Saturday, November 26, 2011

The Game Room: Librarium

The last element for a proper gaming facility in your home is a Librarium. This will be the place where you work on some of the more delicate hobby operations, such as painting and assembling. It will be a place to keep all of your army books, rules manuals, and fiction. Likewise, it should be a place where you can display your work and be proud of your trophies.

First, the location needs a proper work area and sufficient light. This is likely the most time consuming part of the hobby, so ideally it should be in a family area, like the TV room. Painting in the basement lacks natural light and painting in the garage risks getting dust where it should not be. Here are some options:
  • Some people work on a TV tray from the couch with a light over their shoulder. This is actually a pretty good way to go for many reasons. The TV tray can be easily moved to the Strategium when not in use, it keeps you close to your family, and the light can be moved around easily. It is also small enough to force you to work on just a few figures at a time. Obviously, it can get knocked over and doesn't give a lot of extra room for paint, water, glue, and brushes.
  • Some people work on the kitchen table. If you do this, put down a few layers of cardboard to protect it from paint and knives.
  • Others work at the computer desk, but this will probably get you kicked off when someone else wants to use it.
If you have the space, you can do what I do:
  • Get a nice table and set it up near the TV. Do not let it directly face the TV, since you can easily become distracted by the images playing upon its surface. Ideally it should be by a window.
  • Add a hutch or a painting shelf to it for storage of all your painting gear and reference books.
  • Get two lamps, one halogen and one incandescent. The mix of two light sources will mimic natural light.
  • Invest in a good desk chair with proper back support. It should have adjustable arms and high-quality casters.
  • Put down a plastic carpet protector for the chair to roll on.
  • Pop in a good DVD commentary or start a podcast.
The Librarium should also house all of your gaming books. I have gone back and forth on what to do with my old codexes. I once came close to throwing a bunch of them out, but I examined the new ones and determined that the fluff and painting guides in the old ones made them worth keeping, even when the new edition came out. These old books now provide a handy resource whenever I look to start a new army or clean up and refurbish an old one. I also keep all my old gaming magazines. For storage, I bought a number of heavy-duty magazine holders from the office supply store. Again, they form a handy reference once you have several years worth saved up.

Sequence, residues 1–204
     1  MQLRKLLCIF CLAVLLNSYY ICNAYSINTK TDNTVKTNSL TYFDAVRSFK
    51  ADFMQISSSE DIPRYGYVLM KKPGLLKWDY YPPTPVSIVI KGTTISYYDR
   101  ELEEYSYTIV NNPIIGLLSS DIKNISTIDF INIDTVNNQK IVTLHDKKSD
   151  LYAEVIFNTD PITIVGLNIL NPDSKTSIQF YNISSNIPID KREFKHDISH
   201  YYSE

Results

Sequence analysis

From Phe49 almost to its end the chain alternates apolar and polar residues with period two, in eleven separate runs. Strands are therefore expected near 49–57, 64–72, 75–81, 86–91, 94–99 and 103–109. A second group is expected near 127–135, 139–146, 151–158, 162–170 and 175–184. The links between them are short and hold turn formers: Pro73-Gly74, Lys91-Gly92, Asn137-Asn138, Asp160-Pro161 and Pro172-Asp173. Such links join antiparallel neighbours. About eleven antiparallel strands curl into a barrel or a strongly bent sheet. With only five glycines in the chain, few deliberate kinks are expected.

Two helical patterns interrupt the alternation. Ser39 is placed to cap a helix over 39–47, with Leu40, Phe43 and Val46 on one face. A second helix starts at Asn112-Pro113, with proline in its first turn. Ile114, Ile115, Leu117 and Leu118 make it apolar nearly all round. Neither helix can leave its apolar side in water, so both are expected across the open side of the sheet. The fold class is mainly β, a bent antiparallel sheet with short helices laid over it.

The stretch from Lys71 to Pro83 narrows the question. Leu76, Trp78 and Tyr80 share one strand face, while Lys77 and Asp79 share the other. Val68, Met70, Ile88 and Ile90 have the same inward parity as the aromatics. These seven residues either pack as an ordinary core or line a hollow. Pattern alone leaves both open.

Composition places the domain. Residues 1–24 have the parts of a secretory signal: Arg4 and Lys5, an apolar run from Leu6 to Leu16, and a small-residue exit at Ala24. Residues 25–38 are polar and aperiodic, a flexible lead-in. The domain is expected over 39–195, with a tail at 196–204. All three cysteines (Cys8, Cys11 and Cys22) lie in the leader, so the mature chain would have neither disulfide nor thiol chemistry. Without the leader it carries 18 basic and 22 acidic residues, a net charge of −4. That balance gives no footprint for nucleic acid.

When buying a book shelf, get ones that have solid wood shelves. Pressboard or plywood is not rigid and will bend over time. Magazines and RPGs are particularly dense books, so will require a good quality bookshelf. Don't be shy about putting them on display. Game books tend to have bright colors and interesting covers. They are sure to spark a conversation when the neighbors come over to play cards. If you are lucky, they might decide to try out a little D&D instead of playing poker! These shelves can also be a place to store your more popular board games. This way they can be brought out at a moment's notice instead of having to be reclaimed from the Enginarium.

You should also invest in a display case. It is important because you should be proud of the work you have put into your hobby. How many houses have you been to with a display case full of plates that were painted in a sweatshop in China or antiques created by someone with only modest talent a hundred years ago? Think about it- the time, effort, and artistry that went into painting your Warjack is a hundred times more valuable than any of that other garbage. Do not fall into the fallacy that just because something is "nerdy" it should be hidden. Explain to the viewer such things as shading, highlights, color theory, and brush work. Get them to appreciate it for what it is- artistry and craftsmanship. The display case will also inspire you to keep improving. Take a look at what is in there and challenge yourself to replace it with something better!

When selecting a display case, look for a couple things. First, make sure it is lighted. Ideally, it should have two bulbs- one at the top and one at the middle. Second, it should have doors on both side that give you enough room to get your arms in. Finally, the case should be big enough to display what you want to show off. If your game is 40K, you will want a bigger one in order to fit an entire army. If you play Malifaux, a smaller one will probably be fine.

Even if the Librarium is also the family room, it should be a place of quiet meditation and reflection. Is there a fireplace? How about a grandfather clock? Consider adding a few wing-backed chairs. This is where you will go to reflect on your victories, stretch out on the couch, and ponder your next move.

I hope my reflections on the gaming environment have been helpful. I was lucky enough to have all of these elements in my last house. I had a large gaming room that was connected to a good sized storage room. The light was good and it had a utility sink and bathroom connected. There was room for a couch and several comfy chairs next to the gaming tables. Now that I am back in grad school I am not so lucky. But even here in my one-room apartment I have all that I need.

Cheers, and happy gaming!


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